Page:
when a lessee is bidding for IBQ on short notice, even if the lessee 
knows a vessel owner from whom to lease quota, stating that bids under 
time pressure favor lessors, in terms of price. Under quarterly 
accountability, the commenter stated, leasing prices would be more 
reasonable, and reflect the ``ample supply'' of IBQ, instead of the 
lease pricing being ``inflated and unreasonable.'' One commenter stated 
that lessors tend to have different levels of participation in the 
fishery, or less of a need for IBQ than lessees, which tends to provide 
an advantage to the lessor under trip-level accountability (that may be 
reduced under quarterly accountability). For example, the commenter 
stated that lessors may not be actively fishing in the pelagic longline 
fishery or, if fishing, may be fishing in locations and times where 
they do not expect to catch bluefin. One commenter stated that 
quarterly accountability would be beneficial because it can be 
difficult to contact people when searching for available IBQ to lease, 
and even after negotiation, the lessor may not have access to the 
online system in a timely manner. The commenter stated that the time 
constraint of trip-level accountability is particularly difficult for 
vessel operators who are looking for IBQ to lease in a short window of 
time between two fishing trips. One commenter stated that quarterly 
accountability would enhance the ability for vessel owners to plan 
their businesses.
    Response: NMFS agrees that quarterly accountability will improve 
the IBQ market by providing lessees more time to shop for IBQ and lease 
at reasonable prices, which more accurately reflect supply. NMFS agrees 
that the flexibility associated with quarterly accountability will help 
facilitate successive fishing trips consistent with typical longline 
vessel practice (i.e., without extended wait time between trips), 
reduce uncertainty in planning, and provide more time to conduct the 
logistics associated with IBQ leasing.
    Comment 3: Several commenters stated that quarterly accountability 
would improve the IBQ market at the end of the year because IBQ would 
be leased as needed rather than on a speculative basis and would 
increase the availability of IBQ for lease to those that need it during 
the end of the year time period. One commenter stated that the 
perceived need to ``hoard'' IBQ by vessels would be reduced. 
Furthermore, the commenter stated, under quarterly accountability (and 
removal of the minimum amount of IBQ to fish), vessels would not lose 
the value of IBQ during the latter part of the year by maintaining the 
minimum amount of quota, whether or not they anticipate needing the 
quota to account for bluefin catch.
    Response: NMFS agrees that quarterly accountability may improve the 
end-of-the year IBQ market. At the end of a year, if a vessel has quota 
debt remaining at, the quota debt will carry forward to the subsequent 
year, whereas available IBQ balance does not carry forward. This 
creates increased incentives to resolve quota debt immediately at a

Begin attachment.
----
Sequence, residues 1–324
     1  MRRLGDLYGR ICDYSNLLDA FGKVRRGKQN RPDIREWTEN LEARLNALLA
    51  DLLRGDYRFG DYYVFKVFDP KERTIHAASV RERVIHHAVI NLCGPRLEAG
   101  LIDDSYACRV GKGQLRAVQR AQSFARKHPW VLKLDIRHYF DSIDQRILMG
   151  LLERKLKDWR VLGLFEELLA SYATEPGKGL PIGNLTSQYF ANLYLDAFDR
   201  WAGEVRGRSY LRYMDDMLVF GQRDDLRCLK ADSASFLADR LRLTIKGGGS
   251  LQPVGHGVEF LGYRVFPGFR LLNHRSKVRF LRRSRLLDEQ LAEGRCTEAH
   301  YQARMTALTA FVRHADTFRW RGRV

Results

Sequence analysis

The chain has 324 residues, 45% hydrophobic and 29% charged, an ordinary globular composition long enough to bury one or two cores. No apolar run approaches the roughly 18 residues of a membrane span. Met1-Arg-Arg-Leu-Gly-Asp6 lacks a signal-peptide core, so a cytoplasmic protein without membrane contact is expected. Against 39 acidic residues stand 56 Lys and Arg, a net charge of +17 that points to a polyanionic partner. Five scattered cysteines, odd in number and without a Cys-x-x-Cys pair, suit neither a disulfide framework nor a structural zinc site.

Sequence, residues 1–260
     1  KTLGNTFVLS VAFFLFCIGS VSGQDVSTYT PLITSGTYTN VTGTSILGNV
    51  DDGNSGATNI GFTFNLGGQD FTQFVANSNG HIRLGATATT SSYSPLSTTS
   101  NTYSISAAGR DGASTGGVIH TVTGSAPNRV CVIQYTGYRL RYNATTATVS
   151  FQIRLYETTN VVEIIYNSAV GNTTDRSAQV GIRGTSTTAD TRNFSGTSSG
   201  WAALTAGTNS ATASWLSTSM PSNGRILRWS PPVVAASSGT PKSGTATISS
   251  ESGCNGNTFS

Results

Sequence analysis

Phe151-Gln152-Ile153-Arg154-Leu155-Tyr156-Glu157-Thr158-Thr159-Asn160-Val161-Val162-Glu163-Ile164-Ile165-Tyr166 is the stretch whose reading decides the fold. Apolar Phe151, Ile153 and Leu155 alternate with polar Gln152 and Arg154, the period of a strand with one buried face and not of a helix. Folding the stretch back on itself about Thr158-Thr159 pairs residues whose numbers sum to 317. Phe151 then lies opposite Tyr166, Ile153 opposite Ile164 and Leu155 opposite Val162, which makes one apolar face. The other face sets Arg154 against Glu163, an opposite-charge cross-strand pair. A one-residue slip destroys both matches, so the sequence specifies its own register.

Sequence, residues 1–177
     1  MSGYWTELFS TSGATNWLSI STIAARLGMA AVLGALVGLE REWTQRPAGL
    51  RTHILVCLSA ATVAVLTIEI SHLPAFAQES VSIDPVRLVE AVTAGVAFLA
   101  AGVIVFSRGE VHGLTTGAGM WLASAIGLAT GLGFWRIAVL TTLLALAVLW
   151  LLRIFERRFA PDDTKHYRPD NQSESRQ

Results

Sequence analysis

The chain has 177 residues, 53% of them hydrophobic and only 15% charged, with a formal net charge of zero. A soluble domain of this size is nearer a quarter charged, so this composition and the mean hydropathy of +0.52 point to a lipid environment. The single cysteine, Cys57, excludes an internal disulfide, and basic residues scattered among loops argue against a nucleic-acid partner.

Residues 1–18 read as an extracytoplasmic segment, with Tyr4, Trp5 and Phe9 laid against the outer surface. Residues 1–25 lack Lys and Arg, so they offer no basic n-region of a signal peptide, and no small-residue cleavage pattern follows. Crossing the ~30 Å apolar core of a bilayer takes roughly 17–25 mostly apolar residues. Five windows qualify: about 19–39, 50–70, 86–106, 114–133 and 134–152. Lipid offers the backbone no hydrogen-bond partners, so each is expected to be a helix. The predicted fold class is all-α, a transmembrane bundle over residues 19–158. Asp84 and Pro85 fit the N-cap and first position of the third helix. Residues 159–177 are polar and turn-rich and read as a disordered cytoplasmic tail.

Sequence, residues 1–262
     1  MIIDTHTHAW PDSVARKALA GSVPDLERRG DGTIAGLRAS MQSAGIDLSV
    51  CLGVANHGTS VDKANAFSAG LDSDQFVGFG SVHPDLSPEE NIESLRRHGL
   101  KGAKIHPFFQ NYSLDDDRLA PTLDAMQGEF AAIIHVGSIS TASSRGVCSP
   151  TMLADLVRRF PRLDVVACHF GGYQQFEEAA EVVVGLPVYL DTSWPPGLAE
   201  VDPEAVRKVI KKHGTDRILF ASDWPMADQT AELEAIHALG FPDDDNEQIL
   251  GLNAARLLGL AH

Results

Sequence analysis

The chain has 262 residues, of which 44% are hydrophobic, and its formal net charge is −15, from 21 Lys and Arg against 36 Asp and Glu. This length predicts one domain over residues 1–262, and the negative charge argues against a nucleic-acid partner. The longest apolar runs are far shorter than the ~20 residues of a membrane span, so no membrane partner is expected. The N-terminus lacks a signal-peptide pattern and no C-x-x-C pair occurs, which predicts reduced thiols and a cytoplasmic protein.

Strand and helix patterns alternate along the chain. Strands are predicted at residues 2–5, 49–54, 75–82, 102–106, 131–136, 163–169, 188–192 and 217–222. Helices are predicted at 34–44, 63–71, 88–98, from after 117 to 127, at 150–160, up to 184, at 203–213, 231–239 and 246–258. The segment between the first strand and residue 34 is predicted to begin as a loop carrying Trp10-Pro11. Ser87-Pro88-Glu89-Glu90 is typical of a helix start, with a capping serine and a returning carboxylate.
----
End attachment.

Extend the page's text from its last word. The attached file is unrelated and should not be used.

time when there may not be as much quota in the IBQ market. Under trip-
level accounatability, a vessel that is fishing during December in the 
Atlantic may not be willing to lease to another vessel due to the 
minimum quota requirement (276 lb) and the desire to retain some quota 
in case the vessel encounters a bluefin tuna. This final rule removes 
the minimum quota requirement after the first trip of the quarter, thus 
vessel owners may be willing to lease more at year's end without 
concern about interfering with their ability to fish during that 
quarter.
    Comment 4: The five commenters that fully supported the proposed 
measures anticipated ancillary benefits from quarterly accountability 
that are less directly related to IBQ leasing per se, but that are 
related to flexibility in their fishing operations, resulting in 
benefits to the fishery as a whole. One commenter stated that U.S. 
pelagic longline operators would have peace of mind as they leave the 
dock fishing for target species, due to the flexibility associated with 
quarterly accountability. Another commenter stated that, under 
quarterly accountability, captains would be able to fish more 
confidently in search of target species without fear of immediate 
shutdown because of interactions with BFT that went beyond their 
available IBQ balance at the time. One commenter stated that trip-level 
accountability was burdensome to vessels and hurt their ability to get 
back on the water if they were unfortunate and had an interaction with 
bluefin and that active vessels will gain additional economic and 
operational flexibility because they will no longer have to `stockpile' 
IBQ. One commenter stated that the flexibility affects operations in 
multiple ways that have the net effect of more effectively fishing for 
target species and that quarterly accountability would reduce the 
chances the pelagic longline vessels would be tied to the dock while 
attempting to acquire IBQ, especially for those vessels that received 
little or no IBQ shares under Amendment 7. Several commenters stated 
the fishery would have a better opportunity to fully utilize U.S. ICCAT 
quotas for target species such as swordfish. One commenter noted that 
the proposed measure would add revenue to help the ``dwindling'' 
American fleet, as well as reduce the U.S. seafood trade deficit.
    Response: NMFS agrees that the additional flexibility for fishing 
operations resulting from quarterly accountability would result in 
social benefits for the portion of the fleet that is constrained by